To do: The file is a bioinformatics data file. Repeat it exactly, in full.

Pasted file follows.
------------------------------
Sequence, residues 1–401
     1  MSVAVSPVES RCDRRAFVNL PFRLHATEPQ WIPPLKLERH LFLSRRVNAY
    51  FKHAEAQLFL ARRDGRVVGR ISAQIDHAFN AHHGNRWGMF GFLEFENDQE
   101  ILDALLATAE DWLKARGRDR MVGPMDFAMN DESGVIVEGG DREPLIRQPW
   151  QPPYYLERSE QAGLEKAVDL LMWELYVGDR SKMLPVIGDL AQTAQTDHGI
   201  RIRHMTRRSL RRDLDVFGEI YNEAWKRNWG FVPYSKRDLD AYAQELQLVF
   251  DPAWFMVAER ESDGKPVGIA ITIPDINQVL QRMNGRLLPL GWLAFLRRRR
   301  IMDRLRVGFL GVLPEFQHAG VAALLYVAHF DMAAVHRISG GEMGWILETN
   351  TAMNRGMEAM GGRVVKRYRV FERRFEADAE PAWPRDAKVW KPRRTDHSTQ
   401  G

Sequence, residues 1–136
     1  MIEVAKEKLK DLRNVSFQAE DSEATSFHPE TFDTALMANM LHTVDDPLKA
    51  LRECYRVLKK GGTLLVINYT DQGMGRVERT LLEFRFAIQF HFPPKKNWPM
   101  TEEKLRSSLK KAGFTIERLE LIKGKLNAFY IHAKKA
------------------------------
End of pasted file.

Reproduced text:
Sequence, residues 1–401
     1  MSVAVSPVES RCDRRAFVNL PFRLHATEPQ WIPPLKLERH LFLSRRVNAY
    51  FKHAEAQLFL ARRDGRVVGR ISAQIDHAFN AHHGNRWGMF GFLEFENDQE
   101  ILDALLATAE DWLKARGRDR MVGPMDFAMN DESGVIVEGG DREPLIRQPW
   151  QPPYYLERSE QAGLEKAVDL LMWELYVGDR SKMLPVIGDL AQTAQTDHGI
   201  RIRHMTRRSL RRDLDVFGEI YNEAWKRNWG FVPYSKRDLD AYAQELQLVF
   251  DPAWFMVAER ESDGKPVGIA ITIPDINQVL QRMNGRLLPL GWLAFLRRRR
   301  IMDRLRVGFL GVLPEFQHAG VAALLYVAHF DMAAVHRISG GEMGWILETN
   351  TAMNRGMEAM GGRVVKRYRV FERRFEADAE PAWPRDAKVW KPRRTDHSTQ
   401  G

Sequence, residues 1–136
     1  MIEVAKEKLK DLRNVSFQAE DSEATSFHPE TFDTALMANM LHTVDDPLKA
    51  LRECYRVLKK GGTLLVINYT DQGMGRVERT LLEFRFAIQF HFPPKKNWPM
   101  TEEKLRSSLK KAGFTIERLE LIKGKLNAFY IHAKKA